On the wrong side, fold the dress away from the end of the but-. tonhole and stitch the pleated end of the binding right over the first machine stitching (fig. 26). Then on the right side, make small stitches by hand in the seam lines to hold the buttonhole binding in place. Trim off binding to one-fourth inch all around on the wrong side and press.

You may finish the buttonholes on the wrong side of the dress after everything else is done. Baste the facing smoothly around each buttonhole, 1 inch from the buttonhole opening. With two pins mark each end of the buttonhole through to the facing. Cut a slit in the facing between the two pins, following a yarn under the buttonhole opening. Turn under the cut edges as far as the stitch- | ing of the buttonhole, round at the corners; slip-stitch (fig. 27). Or, make the buttonhole the same on both sides by slashing the facing diagonally at the corners and by turning under the sides and ends to the stitching. Sew by hand.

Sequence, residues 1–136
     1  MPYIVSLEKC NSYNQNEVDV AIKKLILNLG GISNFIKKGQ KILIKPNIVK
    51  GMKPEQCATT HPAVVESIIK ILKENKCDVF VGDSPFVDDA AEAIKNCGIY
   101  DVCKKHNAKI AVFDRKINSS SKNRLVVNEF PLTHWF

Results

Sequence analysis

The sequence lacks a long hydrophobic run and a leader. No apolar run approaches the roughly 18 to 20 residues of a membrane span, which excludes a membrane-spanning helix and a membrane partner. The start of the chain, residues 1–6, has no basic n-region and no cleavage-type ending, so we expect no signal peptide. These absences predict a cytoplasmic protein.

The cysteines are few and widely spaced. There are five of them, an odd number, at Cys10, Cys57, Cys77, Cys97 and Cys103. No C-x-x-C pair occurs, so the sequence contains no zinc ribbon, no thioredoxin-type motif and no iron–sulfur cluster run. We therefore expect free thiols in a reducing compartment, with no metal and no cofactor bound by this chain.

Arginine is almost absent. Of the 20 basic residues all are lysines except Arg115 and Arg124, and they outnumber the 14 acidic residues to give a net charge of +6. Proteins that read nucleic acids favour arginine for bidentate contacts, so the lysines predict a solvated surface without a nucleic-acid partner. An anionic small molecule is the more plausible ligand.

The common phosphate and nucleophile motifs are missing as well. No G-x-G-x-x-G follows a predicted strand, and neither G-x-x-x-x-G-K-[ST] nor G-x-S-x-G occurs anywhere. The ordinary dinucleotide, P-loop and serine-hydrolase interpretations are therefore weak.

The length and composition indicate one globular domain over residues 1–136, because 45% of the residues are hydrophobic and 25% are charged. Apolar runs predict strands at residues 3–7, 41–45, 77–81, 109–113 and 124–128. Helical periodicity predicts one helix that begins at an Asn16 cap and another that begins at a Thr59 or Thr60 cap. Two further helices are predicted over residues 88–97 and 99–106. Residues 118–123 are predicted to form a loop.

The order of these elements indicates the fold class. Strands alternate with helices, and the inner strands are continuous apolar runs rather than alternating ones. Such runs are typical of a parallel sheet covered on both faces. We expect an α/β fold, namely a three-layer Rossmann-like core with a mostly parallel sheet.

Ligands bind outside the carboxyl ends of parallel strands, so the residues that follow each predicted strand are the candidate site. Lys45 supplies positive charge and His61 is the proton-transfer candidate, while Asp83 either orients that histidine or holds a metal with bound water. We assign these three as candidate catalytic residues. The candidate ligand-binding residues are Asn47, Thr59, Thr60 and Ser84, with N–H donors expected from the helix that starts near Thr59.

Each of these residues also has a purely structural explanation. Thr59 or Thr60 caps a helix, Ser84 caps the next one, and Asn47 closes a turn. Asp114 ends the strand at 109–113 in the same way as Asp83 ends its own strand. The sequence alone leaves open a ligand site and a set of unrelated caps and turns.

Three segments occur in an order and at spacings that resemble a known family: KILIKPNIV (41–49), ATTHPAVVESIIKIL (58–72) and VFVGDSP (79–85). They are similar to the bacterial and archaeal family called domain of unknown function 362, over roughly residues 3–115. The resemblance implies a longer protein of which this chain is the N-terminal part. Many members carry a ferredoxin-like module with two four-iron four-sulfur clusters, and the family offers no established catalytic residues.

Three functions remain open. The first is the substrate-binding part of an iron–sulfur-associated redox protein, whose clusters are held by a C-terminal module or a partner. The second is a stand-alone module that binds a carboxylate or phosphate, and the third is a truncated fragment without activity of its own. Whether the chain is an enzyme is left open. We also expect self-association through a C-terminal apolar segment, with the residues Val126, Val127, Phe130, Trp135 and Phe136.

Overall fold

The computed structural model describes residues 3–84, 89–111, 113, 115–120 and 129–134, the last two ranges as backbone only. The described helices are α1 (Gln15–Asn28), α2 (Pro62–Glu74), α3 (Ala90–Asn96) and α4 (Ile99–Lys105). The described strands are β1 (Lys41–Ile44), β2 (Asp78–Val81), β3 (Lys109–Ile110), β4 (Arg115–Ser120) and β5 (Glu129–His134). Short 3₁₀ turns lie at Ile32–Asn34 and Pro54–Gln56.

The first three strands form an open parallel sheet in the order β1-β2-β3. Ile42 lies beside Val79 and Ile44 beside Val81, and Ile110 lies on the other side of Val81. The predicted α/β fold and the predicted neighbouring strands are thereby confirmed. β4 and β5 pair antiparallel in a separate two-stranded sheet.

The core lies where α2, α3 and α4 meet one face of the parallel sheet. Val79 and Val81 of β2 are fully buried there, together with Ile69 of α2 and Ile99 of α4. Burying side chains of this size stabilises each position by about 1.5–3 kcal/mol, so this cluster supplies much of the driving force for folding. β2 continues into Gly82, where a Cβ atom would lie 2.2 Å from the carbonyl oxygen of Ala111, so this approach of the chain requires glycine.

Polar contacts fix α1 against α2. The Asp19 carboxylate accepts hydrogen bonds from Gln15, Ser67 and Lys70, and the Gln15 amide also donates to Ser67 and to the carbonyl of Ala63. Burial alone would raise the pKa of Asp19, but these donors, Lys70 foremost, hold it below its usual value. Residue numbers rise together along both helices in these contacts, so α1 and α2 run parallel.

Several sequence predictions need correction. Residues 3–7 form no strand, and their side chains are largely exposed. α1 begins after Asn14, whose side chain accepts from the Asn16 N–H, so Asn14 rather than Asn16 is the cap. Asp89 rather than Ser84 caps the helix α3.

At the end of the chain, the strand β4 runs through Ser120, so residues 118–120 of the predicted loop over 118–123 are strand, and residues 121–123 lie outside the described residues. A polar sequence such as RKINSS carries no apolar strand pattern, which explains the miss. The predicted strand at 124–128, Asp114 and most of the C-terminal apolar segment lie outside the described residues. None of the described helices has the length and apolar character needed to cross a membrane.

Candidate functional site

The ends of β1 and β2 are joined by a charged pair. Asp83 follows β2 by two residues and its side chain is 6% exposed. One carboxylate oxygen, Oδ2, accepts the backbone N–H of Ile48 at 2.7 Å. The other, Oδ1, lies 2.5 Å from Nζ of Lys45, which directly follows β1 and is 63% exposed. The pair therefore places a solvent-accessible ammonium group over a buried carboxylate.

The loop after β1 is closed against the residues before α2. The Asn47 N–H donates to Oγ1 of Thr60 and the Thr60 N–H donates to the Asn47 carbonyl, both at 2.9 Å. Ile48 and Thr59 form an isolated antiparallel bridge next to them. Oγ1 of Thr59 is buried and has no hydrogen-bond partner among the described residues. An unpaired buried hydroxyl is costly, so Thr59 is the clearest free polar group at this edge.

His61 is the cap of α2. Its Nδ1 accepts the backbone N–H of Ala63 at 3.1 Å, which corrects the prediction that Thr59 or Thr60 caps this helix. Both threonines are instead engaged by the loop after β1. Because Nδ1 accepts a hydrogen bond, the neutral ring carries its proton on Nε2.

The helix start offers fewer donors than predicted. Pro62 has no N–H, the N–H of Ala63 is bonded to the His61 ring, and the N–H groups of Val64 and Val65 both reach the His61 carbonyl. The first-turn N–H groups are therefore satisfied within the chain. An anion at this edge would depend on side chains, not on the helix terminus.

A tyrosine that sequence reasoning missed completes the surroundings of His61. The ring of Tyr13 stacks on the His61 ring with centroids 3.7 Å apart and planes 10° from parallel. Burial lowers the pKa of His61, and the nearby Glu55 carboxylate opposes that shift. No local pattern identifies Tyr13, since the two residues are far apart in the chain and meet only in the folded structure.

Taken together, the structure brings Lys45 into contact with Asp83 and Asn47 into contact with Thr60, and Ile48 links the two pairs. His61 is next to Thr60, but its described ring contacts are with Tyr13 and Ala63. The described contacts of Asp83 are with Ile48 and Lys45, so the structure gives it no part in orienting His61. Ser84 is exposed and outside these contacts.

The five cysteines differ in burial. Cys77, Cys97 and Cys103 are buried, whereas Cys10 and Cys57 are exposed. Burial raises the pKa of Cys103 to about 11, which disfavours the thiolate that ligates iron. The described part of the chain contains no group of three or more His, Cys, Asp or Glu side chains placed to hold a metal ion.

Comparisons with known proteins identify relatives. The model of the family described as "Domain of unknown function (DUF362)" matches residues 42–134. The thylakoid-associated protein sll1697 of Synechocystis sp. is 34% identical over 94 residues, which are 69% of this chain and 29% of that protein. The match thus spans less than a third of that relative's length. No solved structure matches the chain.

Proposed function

Figure 25

Figure 24 Figure 27


Sewing on Buttons

Sew buttons to the left front on the center front line. If the button has no shank, make thread shanks by placing a pin across the top of the button and bringing the thread up through the holes and across the pin. When you have run several threads up through the holes and across the pin, pull out the pin, draw up the button so that the threads are taut, and wind thread around the taut threads to make a firm shank. Fasten with a few small stitches through the threads.

If the button has a shank, sew the button on so that the eyelets or holes are in the same direction as the buttonhole slit. This will keep the end of the buttonhole from spreading.

Putting in Sleeves